Beat the Southern Heat: How New Windows Can Make Your Home More Comfortable and Energy-efficient

Not all windows are created equal. Naturally, you will need windows that suit the requirements of your home and what the climate in your area necessitates. The climate of the United States varies widely due to huge differences in latitude as well as in geographic features. Houston, Texas, for instance, is covered by the southern climate. You, as a home owner, must seek to learn more about how you can tweak your home to make it more efficient as you consider the characteristics of the southern climate — and how getting new windows can help you in this quest.

The Characteristics of the Southern Climate

Just by hearing the term southern, anyone will most likely automatically think of “warm” if not “hot.” If you came from northern or central states and just moved in to your new Houston home, you will definitely feel the difference.
southern-climate

Areas that experience the Southern climate generally have variable (though mostly mild) winters and hot, humid summers. Coastal cities such as Houston have an average high of 90 °Fin the months of July and August, and average lows ranging from 70 to 75 °F. Combined with moist tropical air, these temperatures can make for humid and hot weather conditions.

Meanwhile, in winter, temperature and humidity can vary more widely. In winter, daily high temperatures range from the 40 °F to 60 °F, and lows from 20 to 40 °F. Furthermore, the direction of prevailing winds changes from southerly (tropical) in summer to variable, mostly northerly (continental) from late fall to early spring (November to March).

The Role of Windows in Making Your Home More Southern Climate Friendly and Energy-efficient

Aside from enduring the wrath of the sun and the indecisiveness of wind and humidity for almost the entire year, you can also expect to pay energy bills higher than you would like to. By deciding to get new windows, you are a step closer to making your home more comfortable and energy-efficient than ever.

Year-round comfort
A good window must do three things: help keep you cool in the summer, warm in the winter, and just generally comfortable all year. Well-insulated windows create a barrier between your indoors and the extreme exterior temperatures. They can also improve ventilation and airflow, reducing moisture buildup in the process.

Better energy efficiency
As you feel cooler on warm days and warmer on cold days because of your new windows, you can now stop putting your heating and cooling equipment to hard work. Additionally, you can also benefit from the natural lighting that specially-coated windows let in without worrying about harmful ultraviolet rays (you can now turn those lights off!). Replacing your old windows can lower the costs of energy bills by at least 25% and you can enjoy the return on your investment in no time.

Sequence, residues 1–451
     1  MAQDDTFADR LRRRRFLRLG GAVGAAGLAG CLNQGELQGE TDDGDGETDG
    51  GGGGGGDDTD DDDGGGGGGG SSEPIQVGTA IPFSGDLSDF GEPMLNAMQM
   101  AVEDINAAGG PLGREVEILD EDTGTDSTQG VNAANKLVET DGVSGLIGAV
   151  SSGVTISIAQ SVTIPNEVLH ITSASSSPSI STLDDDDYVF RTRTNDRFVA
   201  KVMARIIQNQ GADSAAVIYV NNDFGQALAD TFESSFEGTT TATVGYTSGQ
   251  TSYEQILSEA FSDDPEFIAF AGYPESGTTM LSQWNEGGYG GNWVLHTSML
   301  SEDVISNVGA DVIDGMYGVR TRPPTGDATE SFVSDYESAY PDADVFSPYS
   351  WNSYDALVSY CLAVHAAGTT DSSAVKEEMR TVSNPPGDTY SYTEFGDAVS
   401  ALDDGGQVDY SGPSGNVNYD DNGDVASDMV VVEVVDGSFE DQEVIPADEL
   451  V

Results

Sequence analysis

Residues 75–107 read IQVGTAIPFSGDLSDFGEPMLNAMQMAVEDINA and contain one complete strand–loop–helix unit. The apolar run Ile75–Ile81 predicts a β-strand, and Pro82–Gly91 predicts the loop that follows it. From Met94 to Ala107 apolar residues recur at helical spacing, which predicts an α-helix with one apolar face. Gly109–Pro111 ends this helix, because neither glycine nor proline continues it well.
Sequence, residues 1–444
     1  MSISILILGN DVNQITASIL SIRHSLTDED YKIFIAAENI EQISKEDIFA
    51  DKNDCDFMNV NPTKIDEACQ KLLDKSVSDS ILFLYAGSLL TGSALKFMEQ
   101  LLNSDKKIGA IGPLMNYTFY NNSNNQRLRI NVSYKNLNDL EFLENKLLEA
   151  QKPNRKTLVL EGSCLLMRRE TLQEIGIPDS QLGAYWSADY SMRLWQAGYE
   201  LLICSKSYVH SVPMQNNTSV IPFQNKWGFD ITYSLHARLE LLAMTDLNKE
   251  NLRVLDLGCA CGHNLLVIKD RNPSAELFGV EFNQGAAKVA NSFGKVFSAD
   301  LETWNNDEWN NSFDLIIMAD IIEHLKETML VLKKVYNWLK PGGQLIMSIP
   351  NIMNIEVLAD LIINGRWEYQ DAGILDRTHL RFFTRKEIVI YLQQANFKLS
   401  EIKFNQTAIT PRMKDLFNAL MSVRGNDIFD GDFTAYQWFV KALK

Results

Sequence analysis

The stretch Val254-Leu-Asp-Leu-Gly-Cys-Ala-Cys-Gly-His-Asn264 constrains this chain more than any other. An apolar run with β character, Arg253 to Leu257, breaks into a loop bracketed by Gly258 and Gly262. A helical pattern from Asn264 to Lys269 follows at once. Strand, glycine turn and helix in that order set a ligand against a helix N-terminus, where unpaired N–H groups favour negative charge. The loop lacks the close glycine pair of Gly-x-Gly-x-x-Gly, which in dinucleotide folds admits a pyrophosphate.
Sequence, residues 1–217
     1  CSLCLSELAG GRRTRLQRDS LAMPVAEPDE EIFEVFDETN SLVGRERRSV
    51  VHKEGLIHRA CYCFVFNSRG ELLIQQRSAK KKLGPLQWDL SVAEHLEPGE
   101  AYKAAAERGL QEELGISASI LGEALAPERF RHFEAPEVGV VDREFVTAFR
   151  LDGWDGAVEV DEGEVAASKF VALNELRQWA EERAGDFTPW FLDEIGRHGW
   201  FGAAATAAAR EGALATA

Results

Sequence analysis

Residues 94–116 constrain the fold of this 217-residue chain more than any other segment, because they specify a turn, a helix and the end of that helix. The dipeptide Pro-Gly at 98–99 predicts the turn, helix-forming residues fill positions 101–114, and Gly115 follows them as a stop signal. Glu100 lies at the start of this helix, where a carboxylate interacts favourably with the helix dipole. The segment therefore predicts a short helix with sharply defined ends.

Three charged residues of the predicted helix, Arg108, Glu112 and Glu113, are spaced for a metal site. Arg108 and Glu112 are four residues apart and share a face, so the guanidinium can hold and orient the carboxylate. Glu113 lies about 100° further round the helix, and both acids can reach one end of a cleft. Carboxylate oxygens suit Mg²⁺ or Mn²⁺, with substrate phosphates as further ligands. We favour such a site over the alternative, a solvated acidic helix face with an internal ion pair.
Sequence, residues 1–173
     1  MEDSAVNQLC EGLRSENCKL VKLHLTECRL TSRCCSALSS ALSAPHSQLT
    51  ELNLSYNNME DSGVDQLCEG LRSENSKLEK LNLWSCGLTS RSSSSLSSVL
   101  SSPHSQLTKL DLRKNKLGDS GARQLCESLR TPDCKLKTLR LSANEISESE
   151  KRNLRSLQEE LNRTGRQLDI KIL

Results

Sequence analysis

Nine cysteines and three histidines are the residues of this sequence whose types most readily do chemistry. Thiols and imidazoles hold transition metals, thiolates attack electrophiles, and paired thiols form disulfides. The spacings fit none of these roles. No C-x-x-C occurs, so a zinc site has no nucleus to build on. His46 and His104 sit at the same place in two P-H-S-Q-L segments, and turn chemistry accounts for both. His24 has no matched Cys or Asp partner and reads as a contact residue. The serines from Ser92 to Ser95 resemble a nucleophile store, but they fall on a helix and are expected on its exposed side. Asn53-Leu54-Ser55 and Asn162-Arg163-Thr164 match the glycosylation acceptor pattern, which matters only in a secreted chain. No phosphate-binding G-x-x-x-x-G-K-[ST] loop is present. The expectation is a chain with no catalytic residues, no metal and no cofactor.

The Best Windows for the Southern Climate

southern-climate-new

With today’s technology, manufacturers are able to develop windows with features and properties that make them suitable for various applications and climates.

When shopping for new windows and looking to make the most out of their energy efficiency benefits, you must take a look at these energy rating coefficients:

  • U-Factor (Thermal Transmittance) – This measures the rate of heat loss through a window; the lower, the better.
  • SHGC (Solar Heat Gains Coefficient) – This indicates the fraction of incident solar radiation that goes through a window; the lower, the better (in hot climates, choosing windows with the lowest possible SHGC is more advantageous).
  • Condensation Resistance – This measures a window’s resistance to formation of condensation between panes; the higher, the better.
  • Visible Transmittance – This measures the visible light transmitted through the window. In the southern climate, a low VT is recommended for controlling glare and daylight better.

Aside from these factors, it’s also best to go for windows with heat-blocking Low-E (low emissivity) glass. This type of window glass has special coatings that improve insulation further.

About the Author
Dennis Rupp lives in Cypress, Texas. He is currently working as Marketing Supervisor at Renewal by Andersen of Houston. His expertise in home designing as a student at the University of Houston has exposed him to the many facets of the industry. This collection of experiences plus his gained knowledge in roofing has also brought him to a 35-year journey in the field, earning the trust of his colleagues and the people he’s worked with. He’s fond of the outdoors that’s why he goes on camp twice a month.